"Then you’d be brought to a sitting room where the counsellor would sit close to the person but below them which transmits the message that ‘we are here to serve you’ and it is in an informal non-clinical setting where you can feel like you’re talking to someone who understood and you weren’t being judged, they knew you were going through a crisis in your life. Those are the important elements. The first, and most important question, asked in the sessions was ‘Why do you want to die?’. That would be followed with 'Why do you want to live?’ For many people it was the first time they realised they wanted to stop feeling the way they were feeling and that they did want to live.”

I ask Joan how she would account for the fact that suicide remains a prominent issue in Irish life; “In the world suicide rates Ireland is actually quite low down,” she points out. “However among young male teens we are the fourth highest in Europe. I would say there is definitely an increase because of the type of lifestyle we now have – social media, cyber-bullying, deep uncertainty and anxiety among many young people. I don’t think we’ve moved as quickly as the pace of change that has happened to our young people, and we should be on top of that.”

Running for the presidency

Joan Freeman Galway

When did Freeman decide to run for the presidency I inquire? “I first thought of it years ago because I felt I could help our people by focusing on social issues if I became president. Then I became a senator and I thought that might be the solution but things move so slowly there. The Seanad is wonderful and has achieved so much, but it is not quick enough for me; it took us 18 months to get a tiny piece of legislation through the Seanad and it is still not through the Dáil – that is to prevent children being taken to adult psychiatric wards. It’s too slow.”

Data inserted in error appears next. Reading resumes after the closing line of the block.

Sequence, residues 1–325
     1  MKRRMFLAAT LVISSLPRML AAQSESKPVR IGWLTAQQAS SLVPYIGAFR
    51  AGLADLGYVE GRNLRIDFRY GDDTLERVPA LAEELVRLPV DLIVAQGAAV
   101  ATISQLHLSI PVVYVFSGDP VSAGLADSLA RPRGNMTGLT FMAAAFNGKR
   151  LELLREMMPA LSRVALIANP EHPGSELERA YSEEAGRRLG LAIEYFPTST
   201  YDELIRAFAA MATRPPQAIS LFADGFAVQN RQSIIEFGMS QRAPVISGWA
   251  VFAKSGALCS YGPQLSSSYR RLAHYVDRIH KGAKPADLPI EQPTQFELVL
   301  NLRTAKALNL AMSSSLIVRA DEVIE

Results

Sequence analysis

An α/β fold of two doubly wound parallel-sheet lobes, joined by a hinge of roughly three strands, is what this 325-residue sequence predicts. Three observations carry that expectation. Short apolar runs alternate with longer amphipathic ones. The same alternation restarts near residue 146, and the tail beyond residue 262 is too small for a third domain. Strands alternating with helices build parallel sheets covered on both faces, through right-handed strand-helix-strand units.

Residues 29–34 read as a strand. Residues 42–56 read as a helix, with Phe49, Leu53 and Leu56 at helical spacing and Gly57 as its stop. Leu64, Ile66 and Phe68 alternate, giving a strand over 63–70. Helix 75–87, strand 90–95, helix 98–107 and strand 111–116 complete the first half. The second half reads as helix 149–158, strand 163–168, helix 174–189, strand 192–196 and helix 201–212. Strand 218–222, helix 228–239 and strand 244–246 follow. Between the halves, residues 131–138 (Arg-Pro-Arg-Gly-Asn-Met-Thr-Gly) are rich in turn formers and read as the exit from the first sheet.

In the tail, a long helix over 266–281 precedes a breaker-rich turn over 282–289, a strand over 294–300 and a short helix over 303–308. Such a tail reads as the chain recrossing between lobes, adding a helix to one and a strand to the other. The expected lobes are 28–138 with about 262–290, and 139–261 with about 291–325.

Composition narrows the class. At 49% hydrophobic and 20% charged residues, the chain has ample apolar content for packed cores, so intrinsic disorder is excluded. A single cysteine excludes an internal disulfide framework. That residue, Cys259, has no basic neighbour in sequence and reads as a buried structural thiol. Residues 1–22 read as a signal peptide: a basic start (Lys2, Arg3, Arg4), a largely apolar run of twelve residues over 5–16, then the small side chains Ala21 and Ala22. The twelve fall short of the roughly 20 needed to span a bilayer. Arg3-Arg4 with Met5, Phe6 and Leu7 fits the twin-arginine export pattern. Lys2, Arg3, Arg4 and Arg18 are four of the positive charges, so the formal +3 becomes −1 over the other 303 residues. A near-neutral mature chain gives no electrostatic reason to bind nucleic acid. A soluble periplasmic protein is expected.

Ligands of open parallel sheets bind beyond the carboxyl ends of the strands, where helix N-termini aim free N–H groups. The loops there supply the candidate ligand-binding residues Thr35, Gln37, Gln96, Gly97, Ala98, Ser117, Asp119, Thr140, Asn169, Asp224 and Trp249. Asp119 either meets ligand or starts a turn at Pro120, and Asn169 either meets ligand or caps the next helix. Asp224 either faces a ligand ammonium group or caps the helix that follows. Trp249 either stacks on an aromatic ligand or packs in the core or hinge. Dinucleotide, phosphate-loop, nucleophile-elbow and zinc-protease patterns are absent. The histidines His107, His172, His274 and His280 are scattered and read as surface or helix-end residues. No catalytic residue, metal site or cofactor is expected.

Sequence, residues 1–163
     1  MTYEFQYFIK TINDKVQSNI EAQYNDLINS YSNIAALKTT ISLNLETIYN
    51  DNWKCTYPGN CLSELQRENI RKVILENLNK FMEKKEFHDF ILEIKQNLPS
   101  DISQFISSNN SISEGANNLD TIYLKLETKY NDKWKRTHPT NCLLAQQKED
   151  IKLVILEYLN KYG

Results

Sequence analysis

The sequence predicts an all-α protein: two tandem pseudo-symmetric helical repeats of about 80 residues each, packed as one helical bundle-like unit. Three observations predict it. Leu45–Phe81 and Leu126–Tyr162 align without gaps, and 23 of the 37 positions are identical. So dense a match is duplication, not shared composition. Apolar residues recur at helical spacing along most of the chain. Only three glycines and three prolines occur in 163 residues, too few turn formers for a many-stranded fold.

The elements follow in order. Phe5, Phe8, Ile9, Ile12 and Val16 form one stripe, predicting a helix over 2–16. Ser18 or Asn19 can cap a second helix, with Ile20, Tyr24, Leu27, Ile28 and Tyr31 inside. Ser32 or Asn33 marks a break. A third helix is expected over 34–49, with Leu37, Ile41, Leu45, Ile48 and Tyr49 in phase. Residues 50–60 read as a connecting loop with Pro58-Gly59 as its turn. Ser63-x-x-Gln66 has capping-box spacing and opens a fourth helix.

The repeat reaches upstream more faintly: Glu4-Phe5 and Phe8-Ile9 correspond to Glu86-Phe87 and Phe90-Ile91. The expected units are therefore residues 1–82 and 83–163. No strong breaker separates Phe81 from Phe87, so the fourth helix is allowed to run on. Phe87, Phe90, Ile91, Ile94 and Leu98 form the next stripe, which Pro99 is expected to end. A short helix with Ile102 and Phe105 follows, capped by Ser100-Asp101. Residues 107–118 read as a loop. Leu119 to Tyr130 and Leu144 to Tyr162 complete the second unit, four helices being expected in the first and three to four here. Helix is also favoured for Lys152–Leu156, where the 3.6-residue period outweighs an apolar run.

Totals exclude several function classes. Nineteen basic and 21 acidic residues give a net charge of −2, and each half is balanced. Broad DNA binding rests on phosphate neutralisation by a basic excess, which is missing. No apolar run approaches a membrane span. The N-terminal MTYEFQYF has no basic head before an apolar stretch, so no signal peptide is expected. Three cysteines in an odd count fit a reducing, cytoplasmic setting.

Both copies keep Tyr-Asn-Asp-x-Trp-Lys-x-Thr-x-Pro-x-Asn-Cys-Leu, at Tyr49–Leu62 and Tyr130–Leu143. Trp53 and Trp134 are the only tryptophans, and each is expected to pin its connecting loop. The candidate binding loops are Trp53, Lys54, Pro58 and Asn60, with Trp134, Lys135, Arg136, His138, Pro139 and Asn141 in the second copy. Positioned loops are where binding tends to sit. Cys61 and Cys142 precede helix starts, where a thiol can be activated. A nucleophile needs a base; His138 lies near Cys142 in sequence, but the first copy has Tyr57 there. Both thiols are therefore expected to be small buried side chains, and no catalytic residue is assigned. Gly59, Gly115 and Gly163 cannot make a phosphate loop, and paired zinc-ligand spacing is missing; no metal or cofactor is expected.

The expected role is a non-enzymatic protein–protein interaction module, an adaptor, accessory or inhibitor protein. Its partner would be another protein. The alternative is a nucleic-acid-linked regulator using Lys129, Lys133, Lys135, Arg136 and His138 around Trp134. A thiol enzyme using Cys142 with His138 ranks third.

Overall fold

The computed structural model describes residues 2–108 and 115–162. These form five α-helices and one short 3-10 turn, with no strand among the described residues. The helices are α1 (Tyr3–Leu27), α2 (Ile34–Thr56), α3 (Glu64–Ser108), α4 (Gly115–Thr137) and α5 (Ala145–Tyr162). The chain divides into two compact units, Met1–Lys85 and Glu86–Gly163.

One of the planks of Joan’s presidential campaign is her promotion of volunteering in the community. “I have been volunteering since I was 17 and have seen that it is so beneficial to people and also completely necessary for our country,” she declares. “Dublin exists in a bubble and has no idea what goes on outside it. As I travel the country I can see there are many towns neglected but their community tries with its own resilience to make things better.

'Every county is different but every county has the answer within themselves for the problems that are facing them'

"I want to empower and strengthen such communities and to acknowledge the volunteers – we would be on our knees without them. I was down in Limerick the other day and there were 69 volunteers out helping a search and rescue mission - a service that the Government doesn’t back - and there were another 60 people on a waiting list to join them. That is extraordinary and we need to acknowledge and reward them. At the moment we have the Gaisce Awards for young people, but we should do something for our volunteers as well, they are unsung heroes.”

“The other areas I want to look at is valuing our older people and I feel very strongly about that. Once they get over 65 people stop noticing our older citizens. I want to create a culture where, as in countries like China, we really value our older citizens. In building these communities I want to invite our older people in with their expertise and to help rebuild our country which has been scarred after the last 10 years of recession. We’ve been so focused on building our economy that we have forgotten to build up the people and our wellbeing.”

“The power of the people is extraordinary,” Joan concludes. “This year we had 200,000 people walking out on a cold dark morning to participate in Darkness Into Light. All the President needs to do is to inspire and encourage our communities to take responsibility for the issues that they are suffering from. Every county is different but every county has the answer within themselves for the problems that are facing them.”